Google started to formulate “AI Principles” back in 2017. It summarizes rules that the Group intends to adhere to when developing AI – for example, not to reproduce any bias, to take social and cultural contexts into account and to observe high security standards.
Critics repeatedly accused the group, however, of the fact that these principles were too vague and vague for practice. “We have set out rules in this Code of Ethics to use the same guidelines each time and to track our progress over time,” said Charina Chou, Global Policy Lead for Emerging Technologies at Google. Chou was part of the team that developed the Google AI Principles.
The concrete ethics efforts would focus on data and models, among other things, says Chou. They are working on improving the quality of the data sets with various tools. A tool called “Crowdsource”, for example, is supposed to ensure that the data sets are collected in a more diverse way and also from other parts of the world. Volunteers can help by adding images or better labeling dates. One of the resulting data sets is called “Open Images Extended” and, according to Chou, is “much more representative of different countries than previous versions”.
Experiments with synthetic data
More recent approaches are working with synthetic data, which are particularly helpful where the data situation is limited – for example with rare languages or accents. “How can we expand the data we have and create more data from which a model can learn?” Asks Chou. Google is just starting to experiment with languages and images.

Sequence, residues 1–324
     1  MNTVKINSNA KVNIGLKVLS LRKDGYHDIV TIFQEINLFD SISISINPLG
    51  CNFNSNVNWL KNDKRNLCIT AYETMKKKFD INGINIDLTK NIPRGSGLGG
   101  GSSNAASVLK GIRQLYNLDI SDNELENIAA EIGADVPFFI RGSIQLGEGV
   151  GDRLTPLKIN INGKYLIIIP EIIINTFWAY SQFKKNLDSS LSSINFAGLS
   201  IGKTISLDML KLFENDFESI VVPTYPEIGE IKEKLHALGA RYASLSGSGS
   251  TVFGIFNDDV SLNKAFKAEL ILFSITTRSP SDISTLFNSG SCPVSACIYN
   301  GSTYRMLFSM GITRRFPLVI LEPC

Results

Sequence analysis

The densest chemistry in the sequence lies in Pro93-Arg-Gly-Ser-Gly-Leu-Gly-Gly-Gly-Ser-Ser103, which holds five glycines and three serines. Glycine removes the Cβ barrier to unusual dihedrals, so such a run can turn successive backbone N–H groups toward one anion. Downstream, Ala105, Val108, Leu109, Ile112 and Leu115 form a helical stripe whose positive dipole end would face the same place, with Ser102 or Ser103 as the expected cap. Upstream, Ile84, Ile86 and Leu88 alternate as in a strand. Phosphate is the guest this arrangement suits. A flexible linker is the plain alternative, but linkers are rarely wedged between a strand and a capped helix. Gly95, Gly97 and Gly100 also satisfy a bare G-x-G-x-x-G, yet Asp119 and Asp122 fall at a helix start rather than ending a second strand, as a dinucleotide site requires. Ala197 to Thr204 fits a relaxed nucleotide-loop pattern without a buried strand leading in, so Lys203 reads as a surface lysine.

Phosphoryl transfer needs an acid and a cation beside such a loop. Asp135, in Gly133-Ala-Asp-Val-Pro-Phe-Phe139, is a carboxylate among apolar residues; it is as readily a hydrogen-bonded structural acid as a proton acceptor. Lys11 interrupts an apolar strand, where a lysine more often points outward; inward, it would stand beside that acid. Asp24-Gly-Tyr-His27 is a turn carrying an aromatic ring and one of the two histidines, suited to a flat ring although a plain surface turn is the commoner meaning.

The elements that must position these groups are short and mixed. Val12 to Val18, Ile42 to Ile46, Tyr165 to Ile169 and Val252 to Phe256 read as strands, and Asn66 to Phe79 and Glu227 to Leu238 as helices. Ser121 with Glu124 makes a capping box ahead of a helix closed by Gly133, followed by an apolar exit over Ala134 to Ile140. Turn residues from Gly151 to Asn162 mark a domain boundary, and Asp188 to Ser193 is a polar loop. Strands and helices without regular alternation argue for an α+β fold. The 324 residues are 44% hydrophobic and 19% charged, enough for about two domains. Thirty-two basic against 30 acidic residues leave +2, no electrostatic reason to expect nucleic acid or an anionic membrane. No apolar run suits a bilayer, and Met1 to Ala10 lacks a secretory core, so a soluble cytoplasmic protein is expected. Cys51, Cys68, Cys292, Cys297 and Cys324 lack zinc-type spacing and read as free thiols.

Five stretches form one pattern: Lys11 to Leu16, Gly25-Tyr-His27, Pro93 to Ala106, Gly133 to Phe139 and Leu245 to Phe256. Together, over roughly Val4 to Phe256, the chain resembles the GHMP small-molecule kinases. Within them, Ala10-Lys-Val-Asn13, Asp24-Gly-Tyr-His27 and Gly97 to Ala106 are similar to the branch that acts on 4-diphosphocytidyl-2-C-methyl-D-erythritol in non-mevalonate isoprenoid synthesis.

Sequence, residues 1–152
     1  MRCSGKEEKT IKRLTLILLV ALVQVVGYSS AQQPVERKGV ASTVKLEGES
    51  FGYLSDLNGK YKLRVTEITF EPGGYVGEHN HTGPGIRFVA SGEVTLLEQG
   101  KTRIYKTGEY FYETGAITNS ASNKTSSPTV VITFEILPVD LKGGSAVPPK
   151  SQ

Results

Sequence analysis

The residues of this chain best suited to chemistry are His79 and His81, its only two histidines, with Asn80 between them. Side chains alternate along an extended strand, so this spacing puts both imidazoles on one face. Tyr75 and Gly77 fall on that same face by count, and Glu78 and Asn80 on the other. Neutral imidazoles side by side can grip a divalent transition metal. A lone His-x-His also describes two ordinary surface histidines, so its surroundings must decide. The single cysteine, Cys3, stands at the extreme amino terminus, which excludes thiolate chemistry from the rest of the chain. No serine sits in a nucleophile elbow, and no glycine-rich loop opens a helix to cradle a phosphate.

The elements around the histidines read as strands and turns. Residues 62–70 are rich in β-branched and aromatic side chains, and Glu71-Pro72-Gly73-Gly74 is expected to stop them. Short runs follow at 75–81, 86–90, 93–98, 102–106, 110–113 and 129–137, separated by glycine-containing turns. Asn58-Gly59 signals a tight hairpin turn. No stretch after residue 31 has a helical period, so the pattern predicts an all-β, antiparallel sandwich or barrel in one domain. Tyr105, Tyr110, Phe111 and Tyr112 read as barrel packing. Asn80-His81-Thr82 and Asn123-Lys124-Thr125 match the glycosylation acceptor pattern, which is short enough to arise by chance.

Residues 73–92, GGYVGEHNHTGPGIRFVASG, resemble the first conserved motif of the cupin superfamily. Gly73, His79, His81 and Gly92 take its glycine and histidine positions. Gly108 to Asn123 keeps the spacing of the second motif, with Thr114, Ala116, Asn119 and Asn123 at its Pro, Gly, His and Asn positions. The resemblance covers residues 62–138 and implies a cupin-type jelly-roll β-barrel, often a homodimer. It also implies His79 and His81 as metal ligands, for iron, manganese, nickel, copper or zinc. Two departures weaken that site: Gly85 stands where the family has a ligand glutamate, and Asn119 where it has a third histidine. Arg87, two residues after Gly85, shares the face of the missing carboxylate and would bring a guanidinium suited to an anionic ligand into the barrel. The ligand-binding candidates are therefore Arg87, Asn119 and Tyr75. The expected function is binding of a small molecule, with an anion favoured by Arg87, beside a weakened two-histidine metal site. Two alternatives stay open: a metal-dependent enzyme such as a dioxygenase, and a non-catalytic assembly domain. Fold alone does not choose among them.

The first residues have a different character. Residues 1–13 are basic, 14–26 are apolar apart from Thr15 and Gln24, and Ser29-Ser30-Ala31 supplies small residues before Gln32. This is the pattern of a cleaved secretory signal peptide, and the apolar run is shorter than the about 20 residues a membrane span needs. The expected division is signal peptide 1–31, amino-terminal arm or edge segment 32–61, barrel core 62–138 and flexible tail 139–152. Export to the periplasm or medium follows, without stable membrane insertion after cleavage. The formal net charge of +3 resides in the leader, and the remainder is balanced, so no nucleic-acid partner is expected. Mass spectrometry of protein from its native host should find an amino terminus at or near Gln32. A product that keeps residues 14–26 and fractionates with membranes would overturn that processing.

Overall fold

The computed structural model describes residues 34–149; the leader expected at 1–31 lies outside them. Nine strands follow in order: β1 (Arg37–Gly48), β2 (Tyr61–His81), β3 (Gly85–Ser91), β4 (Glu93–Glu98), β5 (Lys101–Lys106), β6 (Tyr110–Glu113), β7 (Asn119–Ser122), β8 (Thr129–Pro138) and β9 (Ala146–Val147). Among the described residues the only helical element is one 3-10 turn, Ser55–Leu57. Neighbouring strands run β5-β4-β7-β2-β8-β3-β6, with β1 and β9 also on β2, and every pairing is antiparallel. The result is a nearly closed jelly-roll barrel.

As for the models themselves, one of the measures to reduce bias is to install special rules. For example, Google Translate often has the problem of gender bias. Doctors, for example, are often translated as male and nurses as female. The rules are intended to minimize these prejudices and deliver appropriate translations.
At this year’s Google IO, the group announced MUM, short for “Multitask Unified Model”. It should be trained with 75 languages and be able to answer even complex questions in Google search. Which shows that the company is thinking about including powerful language models, so-called LLMs (Large Language Models), in the search.
“Really good job”
“In the future, we simply have to be able to have real conversations, just like we do with real people in everyday life. But there are still a lot of hurdles, ”explains Chou. This is precisely why the AI guidelines exist to be able to constantly evaluate new technologies and thus ensure that the risks do not outweigh the benefits.
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The guidelines also guide the company in deciding how openly the group will deal with its models and data sets. When it comes to face recognition, for example, Google decided not to provide an open API – at this point in time the possibility of abuse is too great.
And about the Timnit Gebru cause? “Timnit did a really good job highlighting key points like the importance of women and underrepresented groups. We need diversity. She made these points very clear. ”Chou did not want to answer why she was released even though she did a good job.